Study Finds Students Of All Races Prefer Teachers Of Color
"Do you speak English?"
When Hua-Yu Sebastian Cherng walked into his summer school classroom for the first time as a brand-new teacher, a student greeted him with this question. Nothing in his training had prepared him to address race and identity. But he was game, answering the student lightly, "Yes, I do, but this is a math class, so you don't have to worry about it."
"Oh my gosh, was that racist?" he says the girl asked, and quickly checked her own assumption: "'That's exactly like when I go into a store and people follow me around because I'm black.'"
During the time that Cherng, who is of Chinese descent, taught in an 85 percent African-American middle school in San Francisco, he enjoyed a good rapport with his students, and he wondered what role his own identity played in that.
Now Cherng is a sociologist at New York University and he's just published a paper with colleague Peter Halpin that addresses this question. It seems that students of all races — white, black, Latino, and Asian — have more positive perceptions of their black and Latino teachers than they do of their white teachers.
Cherng and Halpin analyzed data from the Measure of Effective Teaching study sponsored by the Bill & Melinda Gates Foundation, which also supports coverage of education at NPR.
They looked at a group of 1,700 sixth- through ninth-grade teachers from more than 300 schools in cities around the country. The students had completed 30-question surveys, asking about a variety of different dimensions of teaching.
Although NPR Ed has reported before on the pitfalls of student evaluations used in many undergraduate classrooms, this particular student self-report measure may be more valid because of its thoroughness; it's been independently linked to student learning gains on standardized tests.
Cherng and Halpin found that all the students, including white students, had significantly more favorable perceptions of Latino versus white teachers across the board, and had significantly more favorable perceptions of black versus white teachers on at least two or three of seven categories in the survey.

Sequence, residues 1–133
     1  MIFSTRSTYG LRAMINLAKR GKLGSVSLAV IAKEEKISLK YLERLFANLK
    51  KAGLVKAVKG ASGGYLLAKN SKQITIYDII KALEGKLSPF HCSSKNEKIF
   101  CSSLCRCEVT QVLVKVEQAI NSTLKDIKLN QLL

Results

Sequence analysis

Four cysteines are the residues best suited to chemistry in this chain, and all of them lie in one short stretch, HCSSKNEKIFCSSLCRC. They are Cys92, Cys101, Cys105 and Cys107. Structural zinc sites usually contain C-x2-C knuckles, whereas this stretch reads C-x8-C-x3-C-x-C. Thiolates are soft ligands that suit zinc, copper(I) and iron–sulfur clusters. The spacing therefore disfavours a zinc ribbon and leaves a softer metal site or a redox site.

The strongest positive relationship was the flipside of what Cherng experienced in his own classroom: Asian-American students had very rosy views of their black teachers.
The relationship persisted after controlling for students' age, gender, their free and reduced-price lunch status and their academic performance. The researchers also controlled for other factors like the teacher's level of experience and education, their gender, and even outside expert ratings of the teachers' effectiveness, based on classroom observations.
No matter what, students had warmer perceptions of their teachers of color.
Cherng calls the findings "surprising."
"I thought student awareness of the racial hierarchy would influence the results," in favor of whites, he says.
Other studies have found evidence for "race matching," or the idea that students and teachers of the same race or ethnicity perceive each other more favorably. And NPR Ed recently covered research on "implicit bias," the idea that teachers of all races look less favorably on students of color.
"We're not done," investigating this finding, Cherng says.
His working theory is that teachers of color score more highly because of their ability to draw on their own experiences to address issues of race and gender, which, he says, can be highly germane even to teaching subjects like math, especially in America's majority-minority public schools. He's currently working on a series of studies that look at preservice teachers and teacher training, to provide more evidence about the relationship between teachers' multicultural beliefs and awareness and their effectiveness in the classroom.
As a math teacher, and now a sociology professor, Cherng was never prepared to really understand or address race or gender dynamics in the classroom. But, he says, there may be good evidence that these are essential tools to being a good teacher, period.
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